The stock exchange in Japan will remain closed on Monday. Japan’s leading index, the Nikkei, ultimately gained 1.05 per cent on Friday to 21,988.29 points. In China, the Shanghai Composite rose slightly by 0.07 per cent to 3,033.45 units around 8.00 a.m. CEST. In Hong Kong, the Hang Seng is meanwhile losing 1.08 per cent to 27,056.05 points.

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US Markets at a glance

Given the multitude of negative news, the negative US futures are not surprising either. The future on the leading Dow Jones index is 0.5 per cent lower at the moment, the future on the market-wide S&P 500 is losing 0.6 per cent.

The losses in cyclically sensitive technology stocks are particularly heavy. The future on the Nasdaq 100 selection index lost 1.0 per cent.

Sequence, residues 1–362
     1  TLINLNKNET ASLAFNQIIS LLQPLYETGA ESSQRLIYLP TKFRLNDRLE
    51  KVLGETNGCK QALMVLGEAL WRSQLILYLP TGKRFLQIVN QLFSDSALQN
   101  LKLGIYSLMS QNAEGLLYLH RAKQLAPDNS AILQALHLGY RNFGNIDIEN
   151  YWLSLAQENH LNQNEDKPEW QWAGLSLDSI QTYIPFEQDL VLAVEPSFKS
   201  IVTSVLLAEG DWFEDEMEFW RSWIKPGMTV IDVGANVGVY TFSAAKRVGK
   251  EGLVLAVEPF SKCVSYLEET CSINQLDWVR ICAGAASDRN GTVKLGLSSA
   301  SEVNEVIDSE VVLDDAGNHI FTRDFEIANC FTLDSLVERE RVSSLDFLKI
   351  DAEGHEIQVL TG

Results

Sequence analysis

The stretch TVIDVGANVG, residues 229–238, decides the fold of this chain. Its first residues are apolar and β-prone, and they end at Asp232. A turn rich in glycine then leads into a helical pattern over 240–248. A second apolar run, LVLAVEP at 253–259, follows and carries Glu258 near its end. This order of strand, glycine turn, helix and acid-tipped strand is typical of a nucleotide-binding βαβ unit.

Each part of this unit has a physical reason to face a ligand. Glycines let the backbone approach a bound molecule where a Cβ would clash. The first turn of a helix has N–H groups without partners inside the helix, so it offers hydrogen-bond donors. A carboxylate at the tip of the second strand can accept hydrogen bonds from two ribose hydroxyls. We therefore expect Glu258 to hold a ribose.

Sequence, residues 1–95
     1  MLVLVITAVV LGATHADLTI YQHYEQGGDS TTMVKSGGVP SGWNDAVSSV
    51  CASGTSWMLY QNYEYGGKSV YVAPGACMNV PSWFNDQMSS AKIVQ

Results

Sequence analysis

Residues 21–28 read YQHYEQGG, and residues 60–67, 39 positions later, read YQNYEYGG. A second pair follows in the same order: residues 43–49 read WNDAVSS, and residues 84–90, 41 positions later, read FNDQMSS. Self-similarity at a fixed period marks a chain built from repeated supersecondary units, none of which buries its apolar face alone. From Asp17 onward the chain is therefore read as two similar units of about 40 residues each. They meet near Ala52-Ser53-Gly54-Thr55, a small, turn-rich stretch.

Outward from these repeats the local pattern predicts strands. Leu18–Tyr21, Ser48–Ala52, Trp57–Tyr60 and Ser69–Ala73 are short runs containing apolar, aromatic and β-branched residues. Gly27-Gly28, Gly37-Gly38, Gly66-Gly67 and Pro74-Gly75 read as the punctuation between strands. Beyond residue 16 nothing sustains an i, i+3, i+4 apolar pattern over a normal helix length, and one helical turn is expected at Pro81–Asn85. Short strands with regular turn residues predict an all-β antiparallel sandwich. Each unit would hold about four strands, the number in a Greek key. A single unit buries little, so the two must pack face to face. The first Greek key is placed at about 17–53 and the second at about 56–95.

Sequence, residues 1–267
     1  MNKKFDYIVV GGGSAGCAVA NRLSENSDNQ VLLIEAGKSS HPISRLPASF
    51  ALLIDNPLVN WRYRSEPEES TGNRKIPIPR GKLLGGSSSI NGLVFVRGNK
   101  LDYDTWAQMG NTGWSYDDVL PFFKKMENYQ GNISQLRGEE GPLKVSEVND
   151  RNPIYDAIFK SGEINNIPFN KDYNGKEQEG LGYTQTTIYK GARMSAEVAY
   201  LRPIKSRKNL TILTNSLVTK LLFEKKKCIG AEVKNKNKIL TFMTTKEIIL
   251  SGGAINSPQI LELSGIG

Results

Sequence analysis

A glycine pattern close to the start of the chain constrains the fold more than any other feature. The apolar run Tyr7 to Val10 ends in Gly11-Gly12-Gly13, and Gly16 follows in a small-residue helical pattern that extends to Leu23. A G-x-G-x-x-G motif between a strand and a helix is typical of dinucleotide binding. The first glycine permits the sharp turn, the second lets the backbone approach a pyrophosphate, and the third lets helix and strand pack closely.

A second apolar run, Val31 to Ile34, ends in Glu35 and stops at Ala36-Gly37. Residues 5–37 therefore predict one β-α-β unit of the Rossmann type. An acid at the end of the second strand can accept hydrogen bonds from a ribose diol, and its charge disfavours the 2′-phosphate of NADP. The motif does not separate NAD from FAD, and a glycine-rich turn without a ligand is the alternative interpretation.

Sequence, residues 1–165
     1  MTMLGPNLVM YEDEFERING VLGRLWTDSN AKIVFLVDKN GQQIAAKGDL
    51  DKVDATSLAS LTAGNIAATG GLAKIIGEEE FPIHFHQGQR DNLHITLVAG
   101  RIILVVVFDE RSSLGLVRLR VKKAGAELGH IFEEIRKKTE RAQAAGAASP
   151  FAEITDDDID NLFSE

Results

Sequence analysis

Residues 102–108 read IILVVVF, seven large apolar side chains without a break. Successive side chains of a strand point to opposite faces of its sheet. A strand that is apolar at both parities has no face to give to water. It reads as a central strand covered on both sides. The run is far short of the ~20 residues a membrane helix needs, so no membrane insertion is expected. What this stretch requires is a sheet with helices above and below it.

The rally on Wall Street had already run out of steam by the end of the week. The Dow Jones gained 0.1 per cent to 27,219.52 points on Friday. The S&P 500 lost 0.1 per cent to 3,007.36 points, and the Nasdaq 100 lost 0.3 per cent to 7892.96 points.

European Markets at a glance

The European stock markets are posting losses on Monday. The EuroSTOXX 50 is negative after the start of trading with 3,530 points.

The German leading index Dax starts the first trading day of the new Börsenwoche with a significant downward price gap. At the opening, prices fell by 0.6 per cent to 12,388 points. The price losses are, therefore, less pronounced than had been feared before the stock market flotation.

Nevertheless, at present, everything looks as if the attention rally in the Dax could come to an end today. By the end of the week, the Dax had reached a new high (12,494 points). Thus, the German benchmark index had achieved higher highs for eight trading days in a row – an upward trend like a picture book.

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At the beginning of the week, however, a truly harsh headwind is blowing against the stock markets from the commodity markets.

Forex, gold, oil and crypto